We grow apples, nashi, plums, tomatoes, lettuce, herbs, radish, rocket, cucumbers, kale, potatoes, pumpkins, rhubarb, silver beet, spinach, spring onion, squash, spaghetti squash, sweet corn, water chestnuts, yacon, zucchini and garlic.
In 2016 we grew and gathered 29000 kilos of produce and gave it to the most vulnerable in our community.
One of the big issues moving forward is climate change. We have seen such a difference in crop production even in the few years we have been growing and of course it impacts on the availability of seconds available from larger farm operations. We are also VERY dependent now on volunteers as we are down to one part time paid employee. This is due to not being able to roll over work for the dole contracts which = a supervisor and working hands and no longer having any Australian Government assistance (a blessing and a curse).
We would be nothing without our volunteers and we are very lucky to attract such amazing people. They are family.
We run a volunteer orientation hour once a month, have an induction process and all vols must have a working with vulnerable people check before they can start with us.
We have volunteers form Multicap who come with a support worker. From ARC – people with acquired brain injury – again with a support worker.
Burnie High School students who participate in the TAPP program (Trainee and Apprenticeship Pathway Program) and work placement students with high needs who are part of the BHS Happy Room program.
Local business Caterpillar have just begun a corporate volunteering program with us and they have come on site to do a major clean up of the farm as well as extend our orchard and install a flow hive. They will also be growing produce back at their workplace to come to the food hub.
We have an AMAZING group of individuals as well who come in each week and I do not know what we do without them.
The Volunteering Tasmania cost of volunteering calculator tells us our vols deliver $290,614 in value to the Tasmanian community each year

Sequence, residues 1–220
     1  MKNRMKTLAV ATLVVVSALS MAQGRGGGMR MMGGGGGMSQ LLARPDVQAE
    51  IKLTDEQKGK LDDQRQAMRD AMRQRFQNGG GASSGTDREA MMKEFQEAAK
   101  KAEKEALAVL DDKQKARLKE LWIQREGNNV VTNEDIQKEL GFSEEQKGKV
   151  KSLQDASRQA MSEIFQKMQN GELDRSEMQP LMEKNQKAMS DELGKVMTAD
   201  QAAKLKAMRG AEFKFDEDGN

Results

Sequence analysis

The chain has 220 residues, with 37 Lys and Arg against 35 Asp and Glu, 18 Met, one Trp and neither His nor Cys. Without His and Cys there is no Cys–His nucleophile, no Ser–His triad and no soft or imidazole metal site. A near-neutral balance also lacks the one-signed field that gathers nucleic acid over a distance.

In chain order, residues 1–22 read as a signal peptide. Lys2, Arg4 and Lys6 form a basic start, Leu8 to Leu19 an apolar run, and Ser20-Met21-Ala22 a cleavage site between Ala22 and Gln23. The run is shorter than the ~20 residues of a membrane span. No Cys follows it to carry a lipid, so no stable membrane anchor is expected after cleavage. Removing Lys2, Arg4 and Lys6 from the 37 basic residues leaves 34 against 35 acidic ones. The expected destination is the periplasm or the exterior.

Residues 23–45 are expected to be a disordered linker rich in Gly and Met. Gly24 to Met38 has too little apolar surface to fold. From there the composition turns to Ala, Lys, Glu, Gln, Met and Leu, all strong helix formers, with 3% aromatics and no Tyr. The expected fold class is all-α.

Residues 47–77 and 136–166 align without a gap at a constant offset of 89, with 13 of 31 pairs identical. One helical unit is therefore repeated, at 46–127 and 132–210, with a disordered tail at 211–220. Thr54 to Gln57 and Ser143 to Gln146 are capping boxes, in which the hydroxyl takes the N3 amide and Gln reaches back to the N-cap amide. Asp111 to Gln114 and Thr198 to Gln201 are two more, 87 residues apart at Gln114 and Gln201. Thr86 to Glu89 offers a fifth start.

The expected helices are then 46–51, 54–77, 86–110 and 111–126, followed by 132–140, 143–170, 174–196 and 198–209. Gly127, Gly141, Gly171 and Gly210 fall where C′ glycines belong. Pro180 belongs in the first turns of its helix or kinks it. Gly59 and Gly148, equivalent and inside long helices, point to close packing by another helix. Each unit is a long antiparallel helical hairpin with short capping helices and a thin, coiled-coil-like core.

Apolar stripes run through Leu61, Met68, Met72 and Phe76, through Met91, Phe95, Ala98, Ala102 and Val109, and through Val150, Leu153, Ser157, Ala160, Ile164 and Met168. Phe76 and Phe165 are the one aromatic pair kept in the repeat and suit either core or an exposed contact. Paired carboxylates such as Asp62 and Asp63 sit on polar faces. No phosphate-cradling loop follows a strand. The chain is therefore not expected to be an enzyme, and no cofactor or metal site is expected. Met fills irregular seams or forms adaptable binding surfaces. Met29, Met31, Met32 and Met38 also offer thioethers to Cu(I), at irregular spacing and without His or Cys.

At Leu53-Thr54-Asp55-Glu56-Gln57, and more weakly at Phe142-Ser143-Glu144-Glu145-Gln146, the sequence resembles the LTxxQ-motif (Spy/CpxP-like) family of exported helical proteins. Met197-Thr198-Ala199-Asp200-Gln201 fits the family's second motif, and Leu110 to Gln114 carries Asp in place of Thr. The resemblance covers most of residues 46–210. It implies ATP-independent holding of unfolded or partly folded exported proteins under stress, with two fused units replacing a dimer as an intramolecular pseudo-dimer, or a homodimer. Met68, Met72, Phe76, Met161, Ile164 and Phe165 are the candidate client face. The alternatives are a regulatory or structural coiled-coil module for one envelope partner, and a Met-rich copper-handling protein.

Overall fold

Farm Tours –
We offer tours for school students, vacation care programs and pretty much anyone that wants to come see what we do! There is nothing better that having a group of kinder kids getting their hands dirty hunting for worms, looking for eggs, planting seeds in pots to take away, feeding the alpacas, tasting, smelling and feeling the different herbs. The looks on their faces when they see that potatoes grow underground, or taste an apple picked straight from the tree. Priceless.
Social Enterprise –
We believe we should be funded via the taxes collected by the Australian government, but also on income generated via social enterprise projects.
Our current board has real strengths in this area and we are much more focused on generating income via:
Events, value add products and fresh produce sales to restaurants.
Is it the role of government to fund programs that care for the most vulnerable in the community?
If it is:
- We need to get the bureaucrats out of their offices and on the ground in cities, suburbs and regional areas. A real government education process is required.
In 2014 PTTPT lost 100% of all Federal funding ($70,000 in 2013/14) as it was deemed by the incoming (Liberal) government that we had been funded via “underspend”.
The new Australian Government guidelines for grants indicate National organisations are favored recipients. PttPT is a North West Tasmanian grown project with no links to National organisations at present, which meant we were ineligible to apply. National orgs such as Foodbank and SecondBite did received Federal funding for Emergency Food Relief ($1.925 million for foodbank and $641,666 for SecondBite) however a breakdown of the percentage of funds used in Tasmania is unavailable. The Director of the Department and a question to Senate Estimates were unable to give a breakdown of any of this money coming directly to Tasmania.
- Bigger is not better.
- Statewide roll out of a successful local program is probably asking for failure.
- Projects that play a part in delivering long-term health outcomes require long term bipartisan funding.
- We are good at what we do and we have amazing community support.
This means our in kind contribution is high – hundreds of thousands of dollars worth. But this means we need $’s to PAY PEOPLE. We fail to see what the dilemma is for government and other funding bodies to FUND PEOPLE. If you fund us to create 3 full time equivalent jobs this means we can build the business side of our program WHICH IS WHAT YOU WANT US TO DO – so we can become more financially independent.
- Don’t ask us to collaborate AND compete for very limited funds – community services is the most cutthroat area I have ever worked in!
- Fund healthy food option programs. Quantity does not equal quality. How about we focus on providing our most vulnerable the most nutritious food options?
- We need to check our climate change policies – we have already seen how on a local level food production is impacted, what does this mean for the ag sector and the flow on effects to the dinner table.
Thank you so much for your interest. If you happen to venture to NW Tasmania, pop in and say hello, we’ll be happy to show you around our Farm.